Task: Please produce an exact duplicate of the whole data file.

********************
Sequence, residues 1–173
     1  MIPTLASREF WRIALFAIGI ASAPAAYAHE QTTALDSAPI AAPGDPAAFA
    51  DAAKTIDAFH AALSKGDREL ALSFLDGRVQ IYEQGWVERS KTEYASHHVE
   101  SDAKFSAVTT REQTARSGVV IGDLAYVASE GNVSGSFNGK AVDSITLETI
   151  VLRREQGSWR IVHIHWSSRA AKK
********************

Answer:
Sequence, residues 1–173
     1  MIPTLASREF WRIALFAIGI ASAPAAYAHE QTTALDSAPI AAPGDPAAFA
    51  DAAKTIDAFH AALSKGDREL ALSFLDGRVQ IYEQGWVERS KTEYASHHVE
   101  SDAKFSAVTT REQTARSGVV IGDLAYVASE GNVSGSFNGK AVDSITLETI
   151  VLRREQGSWR IVHIHWSSRA AKK